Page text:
Troilus and Cressida is set during the Trojan War, and thus we can assume a partial source would be The Iliad, Homer’s epic poem (which Shakespeare probably encountered via George Chapman, whose translations began appearing in 1598). Broad strokes of the play’s plot regarding the war are taken from the poem, including the conflicts within the Greek army regarding Achilles and his reluctance to participate, as well as the minor character Thersites, a loud-mouthed Grecian soldier.
While Troilus is mentioned in The Iliad, he’s not an active character, rather an allusion made by Priam of a dead son of his. As Priam later refers to Achilles as a “boy-slaying man,” some critics have interpreted this as a reference to Troilus’ death at the hands of Achilles during the war, which occurs in the mythos that was the basis for The Iliad. This myth has Troilus definitely the son of Hecuba, queen of Troy, but with a disputed father. Because of his beauty, in some versions of the myth, he is seen as a son of Apollo, but adopted by Priam as one of his own.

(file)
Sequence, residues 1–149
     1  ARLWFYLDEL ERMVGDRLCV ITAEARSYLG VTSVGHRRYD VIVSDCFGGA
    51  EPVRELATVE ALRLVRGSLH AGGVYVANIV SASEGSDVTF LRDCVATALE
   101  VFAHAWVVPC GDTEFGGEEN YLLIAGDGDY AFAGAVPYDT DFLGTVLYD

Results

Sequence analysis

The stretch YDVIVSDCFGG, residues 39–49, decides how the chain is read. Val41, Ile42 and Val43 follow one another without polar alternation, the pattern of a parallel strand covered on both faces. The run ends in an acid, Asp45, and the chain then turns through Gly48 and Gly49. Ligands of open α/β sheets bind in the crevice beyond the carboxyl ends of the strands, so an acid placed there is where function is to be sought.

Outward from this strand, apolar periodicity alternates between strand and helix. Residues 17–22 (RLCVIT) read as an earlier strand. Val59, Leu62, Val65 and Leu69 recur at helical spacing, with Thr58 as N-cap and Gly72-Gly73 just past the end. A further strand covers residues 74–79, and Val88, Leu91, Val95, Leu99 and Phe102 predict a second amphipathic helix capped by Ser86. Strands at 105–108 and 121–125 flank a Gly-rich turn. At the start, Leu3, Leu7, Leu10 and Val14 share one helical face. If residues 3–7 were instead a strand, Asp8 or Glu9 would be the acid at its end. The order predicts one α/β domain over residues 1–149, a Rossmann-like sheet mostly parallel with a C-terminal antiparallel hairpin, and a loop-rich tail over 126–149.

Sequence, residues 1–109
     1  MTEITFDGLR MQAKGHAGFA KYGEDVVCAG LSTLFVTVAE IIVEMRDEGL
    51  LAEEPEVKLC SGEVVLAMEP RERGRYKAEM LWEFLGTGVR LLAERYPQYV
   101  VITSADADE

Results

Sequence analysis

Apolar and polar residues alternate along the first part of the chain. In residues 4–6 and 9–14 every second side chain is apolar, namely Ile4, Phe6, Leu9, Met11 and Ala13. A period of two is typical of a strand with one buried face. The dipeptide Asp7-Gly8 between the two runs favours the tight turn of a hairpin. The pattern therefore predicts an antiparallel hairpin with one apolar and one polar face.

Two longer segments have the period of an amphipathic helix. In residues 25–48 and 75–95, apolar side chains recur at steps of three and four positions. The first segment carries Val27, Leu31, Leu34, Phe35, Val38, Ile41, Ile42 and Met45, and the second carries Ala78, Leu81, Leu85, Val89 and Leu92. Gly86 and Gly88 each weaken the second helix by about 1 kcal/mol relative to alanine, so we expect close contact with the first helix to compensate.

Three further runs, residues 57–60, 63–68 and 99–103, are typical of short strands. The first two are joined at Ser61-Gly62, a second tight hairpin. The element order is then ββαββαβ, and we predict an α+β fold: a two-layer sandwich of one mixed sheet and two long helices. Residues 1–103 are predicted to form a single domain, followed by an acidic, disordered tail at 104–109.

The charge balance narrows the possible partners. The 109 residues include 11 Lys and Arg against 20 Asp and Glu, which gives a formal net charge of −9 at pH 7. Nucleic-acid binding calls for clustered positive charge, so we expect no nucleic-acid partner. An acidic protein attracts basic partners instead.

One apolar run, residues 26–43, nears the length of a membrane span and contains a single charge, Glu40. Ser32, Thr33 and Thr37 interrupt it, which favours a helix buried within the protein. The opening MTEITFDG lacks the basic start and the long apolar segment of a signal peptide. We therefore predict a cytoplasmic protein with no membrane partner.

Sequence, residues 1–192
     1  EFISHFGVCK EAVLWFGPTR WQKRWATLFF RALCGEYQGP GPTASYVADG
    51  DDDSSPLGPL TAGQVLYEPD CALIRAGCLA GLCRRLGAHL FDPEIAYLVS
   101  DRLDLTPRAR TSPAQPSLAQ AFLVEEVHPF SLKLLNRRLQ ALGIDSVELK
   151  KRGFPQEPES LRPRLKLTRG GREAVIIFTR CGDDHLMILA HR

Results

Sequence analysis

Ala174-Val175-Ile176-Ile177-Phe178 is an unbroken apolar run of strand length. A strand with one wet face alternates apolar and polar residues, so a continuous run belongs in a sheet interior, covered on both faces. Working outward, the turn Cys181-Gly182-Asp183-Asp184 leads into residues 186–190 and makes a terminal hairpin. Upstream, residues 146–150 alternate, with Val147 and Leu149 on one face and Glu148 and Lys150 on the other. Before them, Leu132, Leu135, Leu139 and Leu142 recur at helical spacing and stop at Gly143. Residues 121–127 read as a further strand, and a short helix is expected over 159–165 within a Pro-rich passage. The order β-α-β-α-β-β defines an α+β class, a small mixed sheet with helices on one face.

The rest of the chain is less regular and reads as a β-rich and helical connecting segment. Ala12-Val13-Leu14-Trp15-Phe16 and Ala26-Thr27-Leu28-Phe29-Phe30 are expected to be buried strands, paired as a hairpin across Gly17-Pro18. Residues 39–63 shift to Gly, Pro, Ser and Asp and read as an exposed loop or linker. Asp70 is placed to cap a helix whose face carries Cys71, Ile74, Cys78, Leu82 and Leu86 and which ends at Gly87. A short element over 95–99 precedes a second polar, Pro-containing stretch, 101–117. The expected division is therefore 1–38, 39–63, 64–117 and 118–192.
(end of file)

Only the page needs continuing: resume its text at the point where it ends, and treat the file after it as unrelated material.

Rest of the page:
There is no character by the name Cressida in The Iliad, but some critics believe Cressida to be a derivation of Chryseis, who does appear in the poem, where she is a Trojan woman, a spoil of war taken by Agamemnon. There is no connection, however, between this character and Troilus in The Iliad.